DiSC® Team Dimensions Profile

As quicker alternative to MBTI that provides a handy framework for innovation teams, I like the DiSC Team Dimensions Profile. Based on two decades of research on how people collaborate, Allen Fahden and Srininvasan Namakkal theorized that people’s natural thinking and behavioral preferences influence the roles they play on a team. The model is constructed on a two-dimensional matrix that characterizes how people approach their work: conceptual, spontaneous, normative, and methodical. An individual’s score on these continua indicates the roles they prefer to play on a team:DiSC Team Dimensions Profile

  • Creator—Generates new ideas and fresh concepts. Prefers to live in the world of possibilities. Seeks activities that are unstructured, abstract, and imaginative.
  • Advancer—May not be the originator of the idea, but they are adept at recognizing high-potential ideas, packaging them, and getting other excited about them.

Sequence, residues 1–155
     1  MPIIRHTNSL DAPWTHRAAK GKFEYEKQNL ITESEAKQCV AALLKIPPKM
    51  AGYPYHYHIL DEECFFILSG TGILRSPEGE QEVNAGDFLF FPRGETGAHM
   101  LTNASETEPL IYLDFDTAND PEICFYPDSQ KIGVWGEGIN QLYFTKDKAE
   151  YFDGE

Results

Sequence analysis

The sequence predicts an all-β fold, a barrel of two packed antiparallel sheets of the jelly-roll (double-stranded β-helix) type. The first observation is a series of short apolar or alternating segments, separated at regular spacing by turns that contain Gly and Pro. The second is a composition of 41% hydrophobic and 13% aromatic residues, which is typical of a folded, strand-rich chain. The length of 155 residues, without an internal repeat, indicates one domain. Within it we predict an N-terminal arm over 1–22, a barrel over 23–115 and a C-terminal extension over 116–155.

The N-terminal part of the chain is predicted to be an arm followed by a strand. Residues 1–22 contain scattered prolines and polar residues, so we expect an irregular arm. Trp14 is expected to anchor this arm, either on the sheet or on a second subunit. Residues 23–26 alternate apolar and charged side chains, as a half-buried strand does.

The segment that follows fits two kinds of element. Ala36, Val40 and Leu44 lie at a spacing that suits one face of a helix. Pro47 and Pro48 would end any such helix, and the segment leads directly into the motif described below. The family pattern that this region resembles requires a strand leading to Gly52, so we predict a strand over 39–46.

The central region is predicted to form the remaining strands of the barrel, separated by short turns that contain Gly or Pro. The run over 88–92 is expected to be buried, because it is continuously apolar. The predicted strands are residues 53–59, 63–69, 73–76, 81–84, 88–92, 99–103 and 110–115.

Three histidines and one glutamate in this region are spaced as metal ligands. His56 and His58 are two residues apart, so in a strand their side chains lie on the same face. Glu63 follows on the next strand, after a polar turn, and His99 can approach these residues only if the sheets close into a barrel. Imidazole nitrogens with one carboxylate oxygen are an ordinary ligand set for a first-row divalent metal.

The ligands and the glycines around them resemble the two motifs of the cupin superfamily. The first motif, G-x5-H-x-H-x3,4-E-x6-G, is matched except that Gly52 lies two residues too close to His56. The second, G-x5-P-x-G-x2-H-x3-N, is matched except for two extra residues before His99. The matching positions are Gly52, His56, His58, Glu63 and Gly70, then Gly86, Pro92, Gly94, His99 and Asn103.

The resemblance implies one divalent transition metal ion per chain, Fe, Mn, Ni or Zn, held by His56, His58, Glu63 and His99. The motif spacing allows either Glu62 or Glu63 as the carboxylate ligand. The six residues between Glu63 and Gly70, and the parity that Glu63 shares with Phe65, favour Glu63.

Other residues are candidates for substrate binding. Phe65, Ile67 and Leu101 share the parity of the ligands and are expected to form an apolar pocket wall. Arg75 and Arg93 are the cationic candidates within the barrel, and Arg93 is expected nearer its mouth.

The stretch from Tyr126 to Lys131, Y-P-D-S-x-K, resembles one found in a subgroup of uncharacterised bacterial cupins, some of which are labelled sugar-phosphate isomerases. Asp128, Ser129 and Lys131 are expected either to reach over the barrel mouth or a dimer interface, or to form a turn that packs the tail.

• Refiner—Talented at analyzing ideas for flaws and systematically revising them. Their uncanny ability to detect potential problems can prevent failure during execution.
  • Executor—Gets stuff done! As realists, they pay attention to detail and manage the process to closure.

Many people play more than one role, and some people move fluidly across all roles. They’re called the Flexers.

A key concept in this model is that high-performing teams have people from all four quadrants and they smoothly pass tasks back and forth to each other. The Z shape at the center of the model represents the way batons pass in high-performing teams.